This article was provoked by an invitation to speak at the Ontario Nonprofit Network conference in April 2010, inspired by what I heard at that conference, and informed by many thoughtful articles in recent issues of The Philanthropist. It was also shaped by my experience as the founder of Canadian Policy Research Networks, a nonprofit that thrived for many years but did not survive the new political and economic context.
The recent recession was a shock to both funders and nonprofits.1 It forced us to confront the radical shifts in the context that shapes our lives and in the needs of the communities we serve. Now that we have survived the recession, it is not business as usual. For years, we have been trying to do more with less. Now we must do more by working smarter. This means doing things differently. And more often than not that means working in collaboration with others so that we can set bolder goals and bring to bear more people and resources.
In 1993, when I was working with Bryne Purchase on a project called Government and Competitiveness, we invited three leaders from the voluntary sector (Al Hatton, Sol Kasimir, and Rose Potvin) to review a draft report on the sector. Not much was being written about the sector at the time, and our knowledge base was weak. They gave us many useful comments. When Sol summarized his view of the sector at that time, he described society as a three-legged stool – the public sector, the private sector and the nonprofit sector. “But the third leg,” he said, “is a toothpick.” We all laughed.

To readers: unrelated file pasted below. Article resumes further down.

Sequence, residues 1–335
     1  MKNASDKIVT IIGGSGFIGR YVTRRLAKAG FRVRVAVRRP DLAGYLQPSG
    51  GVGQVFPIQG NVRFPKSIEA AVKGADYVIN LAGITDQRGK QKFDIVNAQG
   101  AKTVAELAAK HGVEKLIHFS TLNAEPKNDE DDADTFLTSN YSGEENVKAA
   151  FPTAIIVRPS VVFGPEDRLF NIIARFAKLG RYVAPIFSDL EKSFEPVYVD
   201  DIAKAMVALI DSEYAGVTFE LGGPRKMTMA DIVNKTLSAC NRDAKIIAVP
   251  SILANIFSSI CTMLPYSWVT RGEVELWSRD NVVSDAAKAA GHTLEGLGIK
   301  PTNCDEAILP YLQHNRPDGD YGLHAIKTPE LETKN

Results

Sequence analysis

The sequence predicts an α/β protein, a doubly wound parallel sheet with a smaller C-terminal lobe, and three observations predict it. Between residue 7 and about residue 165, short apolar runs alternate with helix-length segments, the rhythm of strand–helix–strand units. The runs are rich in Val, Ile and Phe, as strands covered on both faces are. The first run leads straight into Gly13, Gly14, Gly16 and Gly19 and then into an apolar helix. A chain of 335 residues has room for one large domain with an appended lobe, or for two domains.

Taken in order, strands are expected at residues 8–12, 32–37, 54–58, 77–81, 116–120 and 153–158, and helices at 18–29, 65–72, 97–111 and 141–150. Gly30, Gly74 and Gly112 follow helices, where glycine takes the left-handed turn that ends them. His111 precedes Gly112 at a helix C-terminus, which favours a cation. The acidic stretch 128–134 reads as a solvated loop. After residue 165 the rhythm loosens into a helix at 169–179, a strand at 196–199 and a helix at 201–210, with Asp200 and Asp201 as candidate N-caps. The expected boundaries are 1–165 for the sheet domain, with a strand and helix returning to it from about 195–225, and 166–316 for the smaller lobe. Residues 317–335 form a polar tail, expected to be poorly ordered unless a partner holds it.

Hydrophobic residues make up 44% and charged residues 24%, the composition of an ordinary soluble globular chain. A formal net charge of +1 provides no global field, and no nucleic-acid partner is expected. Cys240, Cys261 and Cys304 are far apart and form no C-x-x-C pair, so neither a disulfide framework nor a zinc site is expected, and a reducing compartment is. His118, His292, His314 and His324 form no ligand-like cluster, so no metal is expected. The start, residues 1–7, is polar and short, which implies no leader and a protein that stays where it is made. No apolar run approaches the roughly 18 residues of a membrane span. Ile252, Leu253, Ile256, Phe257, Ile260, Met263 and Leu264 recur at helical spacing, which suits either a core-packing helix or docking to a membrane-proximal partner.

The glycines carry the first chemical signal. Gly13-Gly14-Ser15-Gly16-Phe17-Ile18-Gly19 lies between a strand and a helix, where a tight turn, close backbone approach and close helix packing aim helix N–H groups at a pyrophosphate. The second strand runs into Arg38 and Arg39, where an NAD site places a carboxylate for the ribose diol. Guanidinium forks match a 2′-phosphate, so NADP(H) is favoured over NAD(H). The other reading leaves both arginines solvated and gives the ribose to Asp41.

We all know that our days as a toothpick are over. It’s time to think of ourselves as the leaders who can mobilize Canadians to make the country a better place.
The sector has grown in size, complexity, and impact since 1993. Much is now being written about the sector, and our knowledge base is both wider and deeper, though far from complete. To be realistic, we must acknowledge that nonprofits, even big ones like CPRN, are vulnerable, just as many businesses are. Our task is to set about building our future with confidence and resilience, knowing that if the sector does not step up, no one else will.
Resilience means many things to many people. To some it means “embracing the future” or the “capacity to absorb disturbance” (Foster, 2010). To others, it is the “fluidity to change organizational shape, build alliances and take up the opportunities of the moment” (Struthers, 2004). And for others it is the “capacity to make good decisions in the midst of chaos and change” (Alliance for Nonprofit Management, 2003, p. 13; cited by Struthers, 2004).
As I prepared my speech in April, I had to confront two distinct objectives. One was to look for ways to shore up weaker nonprofit organizations that are struggling to survive. (There are some hard facts to face there, as we shall see.) The other was to focus on our resilience – our inherent capacity for self-organizing based on our agility, innovative skills, and passion for what we do.
This article proceeds as follows: It begins with a brief assessment of the context in which we will be operating in coming years. No matter what angle you come from, that context calls for resilience and new ways to get things done. As Marilyn Struthers (2010) observed recently, successful charities are “highly fluid and relational organizations with strong abilities to forge collaborative work” (p. 148).